Sabbath is both a day and an attitude to nurture such stillness. It is both time on a calendar and a disposition of the heart. It is a day we enter, but just as much a way we see. Sabbath imparts the rest of God—actual physical, mental, spiritual rest, but also the rest of God–the things of God’s nature and presence we miss in our busyness… A Sabbath heart is restful even in the midst of unrest and upheaval (pp.3-4).

It means that I believe God’s promise to me, even though all hell is breaking loose around me. It is changing my thinking; believing what God has promised regardless of my circumstances.


God is more interested in changing my mindset and thinking than in changing my circumstances.


Sabbatismos is learning to rest in the promises of God. God’s promise for my life is not always easy to believe. Sometimes I question if I am going crazy; or I try to make things happen when they don’t come to pass as I envisioned.  We are all guilty of this. Like Abraham and Sarah, and many others before us, we laugh thinking things impossible. We attempt to bring things about in our own way. Yet the great cloud of witnesses that went before us, though they did doubt, laugh, and manipulate to see God’s promises come to pass, eventually made it into the Hebrews 11 famous Hall of Faith. How? The Bible says they did not waver in their faith. But we read their stories, we know they questioned God—laughed even, and attempted to usurp God’s power for the completion of their promises.

I believe the transition happened when they came to the end of themselves; realizing that only God can fulfill His promises. The stability in their faith came when they believed what God told them and entered into His rest; the rest of knowing God is performing His Word.

Then the Lord said to me, “You have seen well, for I am watching over My word to perform it.” Jeremiah 1:12 NASB

Circumstances may look overwhelming, storms toss your boat to and fro; causing you to cry out, Master don’t you care that we are perishing?! (see Mark 4:38). He does care, and when we rest in Him, we will not perish; we will find deliverance and rest for our souls. He may not always calm the storm, but He will calm us in the midst of the storm. Just keep your eyes on Him.

Thou wilt keep him in perfect peace, whose mind is stayed on thee: because he trusteth in thee. Is. 26:3 KJV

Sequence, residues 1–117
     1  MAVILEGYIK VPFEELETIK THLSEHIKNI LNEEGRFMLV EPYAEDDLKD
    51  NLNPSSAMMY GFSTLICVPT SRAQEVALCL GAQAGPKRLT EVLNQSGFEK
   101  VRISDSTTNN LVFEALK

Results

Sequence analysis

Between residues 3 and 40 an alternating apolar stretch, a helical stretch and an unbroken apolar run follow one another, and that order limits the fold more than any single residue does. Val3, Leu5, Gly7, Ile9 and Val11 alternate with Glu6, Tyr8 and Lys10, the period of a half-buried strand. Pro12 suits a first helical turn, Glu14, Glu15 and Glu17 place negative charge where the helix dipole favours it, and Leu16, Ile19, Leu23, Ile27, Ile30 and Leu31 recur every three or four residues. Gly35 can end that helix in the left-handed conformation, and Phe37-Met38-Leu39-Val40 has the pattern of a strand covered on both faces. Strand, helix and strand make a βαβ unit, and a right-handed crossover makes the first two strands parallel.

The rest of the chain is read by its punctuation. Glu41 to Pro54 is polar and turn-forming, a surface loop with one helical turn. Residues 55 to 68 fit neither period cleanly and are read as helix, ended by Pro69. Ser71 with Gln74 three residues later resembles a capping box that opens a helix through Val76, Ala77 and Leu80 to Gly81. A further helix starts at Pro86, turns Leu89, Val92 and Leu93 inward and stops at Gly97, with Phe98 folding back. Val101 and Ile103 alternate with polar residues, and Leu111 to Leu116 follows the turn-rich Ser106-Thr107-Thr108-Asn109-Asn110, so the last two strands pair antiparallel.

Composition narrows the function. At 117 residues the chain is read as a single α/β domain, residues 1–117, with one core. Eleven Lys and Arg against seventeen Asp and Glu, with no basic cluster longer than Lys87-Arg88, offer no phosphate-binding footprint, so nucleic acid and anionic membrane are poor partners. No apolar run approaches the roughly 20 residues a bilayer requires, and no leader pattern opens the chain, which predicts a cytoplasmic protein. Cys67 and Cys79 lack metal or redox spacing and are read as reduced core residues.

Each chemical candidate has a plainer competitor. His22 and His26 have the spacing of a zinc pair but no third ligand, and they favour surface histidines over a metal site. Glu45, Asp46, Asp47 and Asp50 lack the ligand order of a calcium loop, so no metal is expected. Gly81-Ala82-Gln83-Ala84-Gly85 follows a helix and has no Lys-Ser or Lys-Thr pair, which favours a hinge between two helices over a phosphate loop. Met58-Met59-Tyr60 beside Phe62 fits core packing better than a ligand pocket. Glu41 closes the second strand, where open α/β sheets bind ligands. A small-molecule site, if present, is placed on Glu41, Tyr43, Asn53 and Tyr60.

Sabbatismos is also resting in God’s Word and hearing His voice in the midst of the storm. Elijah didn't hear God’s voice in the whirlwind, earthquake, or fire. He heard the Spirit of God whisper into the depths of his spirit—the still small voice (see 1 Kings 19:11-13). From that day forth, Elijah knew the sound of God’s voice, then he heard Him despite the whirlwind, earthquake, and fires. The Apostle John, while in exile on Patmos, heard a familiar voice, though He appeared differently than when the beloved disciple rested on His chest…he recognized The Voice:

I, John, your brother and fellow partaker in the tribulation and kingdom and perseverance which are in Jesus, was on the island called Patmos because of the word of God and the testimony of Jesus.  I was in the Spirit on the Lord’s Day, and I heard behind me a loud voice like the sound of a trumpet. Rev. 1:9-10

The very sight of Him caused John to fall at His feet like a dead man (see Rev. 1:17), but John knew His voice. I want to hear and know God’s voice. I want Him to whisper truth into my spirit. I pray for Him to whisper in the dark things to be spoken in the light.

What I tell you in the darkness, speak in the light; and what you hear whispered in your ear, proclaim upon the housetops. Matt. 10:27 NASB

Sabbatismos. It is time to stop striving and begin thriving. I want to stop striving with feelings of being left behind, or that I have missed my door somehow. God is in control, and this baby will be birthed—a promise long anticipated. God will not leave me or forsake me. I am simply in a holding pattern. He is preparing everything on the ground to ensure a safe landing.


This year I will rest in God’s promise. If He spoke it He will bring it to pass. I need only rest in Him, believe what He tells me and enter into His rest. If I rest in Him, He will interrupt my chronos with His right, opportune moment; His ordained kairos, and I will witness the divine of what God has done from beginning to end.